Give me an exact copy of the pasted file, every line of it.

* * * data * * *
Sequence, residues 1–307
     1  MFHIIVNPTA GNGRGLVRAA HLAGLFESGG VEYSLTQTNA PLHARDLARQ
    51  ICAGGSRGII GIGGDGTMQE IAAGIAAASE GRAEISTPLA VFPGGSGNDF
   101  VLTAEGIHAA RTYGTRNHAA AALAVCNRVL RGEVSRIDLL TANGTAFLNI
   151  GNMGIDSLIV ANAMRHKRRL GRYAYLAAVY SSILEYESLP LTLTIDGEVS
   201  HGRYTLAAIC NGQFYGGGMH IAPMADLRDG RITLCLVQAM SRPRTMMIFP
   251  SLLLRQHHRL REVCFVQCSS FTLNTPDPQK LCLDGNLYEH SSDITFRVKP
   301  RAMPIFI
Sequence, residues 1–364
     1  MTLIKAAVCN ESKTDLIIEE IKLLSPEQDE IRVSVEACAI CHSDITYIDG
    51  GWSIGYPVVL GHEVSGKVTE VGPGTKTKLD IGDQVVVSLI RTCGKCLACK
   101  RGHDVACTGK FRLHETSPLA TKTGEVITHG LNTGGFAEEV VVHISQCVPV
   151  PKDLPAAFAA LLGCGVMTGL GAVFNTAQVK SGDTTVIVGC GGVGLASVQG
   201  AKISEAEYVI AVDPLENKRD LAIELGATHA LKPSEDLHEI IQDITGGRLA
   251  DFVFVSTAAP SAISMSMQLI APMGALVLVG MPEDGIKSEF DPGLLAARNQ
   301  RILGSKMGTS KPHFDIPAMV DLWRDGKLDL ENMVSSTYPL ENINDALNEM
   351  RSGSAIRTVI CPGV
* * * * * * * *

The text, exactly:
Sequence, residues 1–307
     1  MFHIIVNPTA GNGRGLVRAA HLAGLFESGG VEYSLTQTNA PLHARDLARQ
    51  ICAGGSRGII GIGGDGTMQE IAAGIAAASE GRAEISTPLA VFPGGSGNDF
   101  VLTAEGIHAA RTYGTRNHAA AALAVCNRVL RGEVSRIDLL TANGTAFLNI
   151  GNMGIDSLIV ANAMRHKRRL GRYAYLAAVY SSILEYESLP LTLTIDGEVS
   201  HGRYTLAAIC NGQFYGGGMH IAPMADLRDG RITLCLVQAM SRPRTMMIFP
   251  SLLLRQHHRL REVCFVQCSS FTLNTPDPQK LCLDGNLYEH SSDITFRVKP
   301  RAMPIFI
Sequence, residues 1–364
     1  MTLIKAAVCN ESKTDLIIEE IKLLSPEQDE IRVSVEACAI CHSDITYIDG
    51  GWSIGYPVVL GHEVSGKVTE VGPGTKTKLD IGDQVVVSLI RTCGKCLACK
   101  RGHDVACTGK FRLHETSPLA TKTGEVITHG LNTGGFAEEV VVHISQCVPV
   151  PKDLPAAFAA LLGCGVMTGL GAVFNTAQVK SGDTTVIVGC GGVGLASVQG
   201  AKISEAEYVI AVDPLENKRD LAIELGATHA LKPSEDLHEI IQDITGGRLA
   251  DFVFVSTAAP SAISMSMQLI APMGALVLVG MPEDGIKSEF DPGLLAARNQ
   301  RILGSKMGTS KPHFDIPAMV DLWRDGKLDL ENMVSSTYPL ENINDALNEM
   351  RSGSAIRTVI CPGV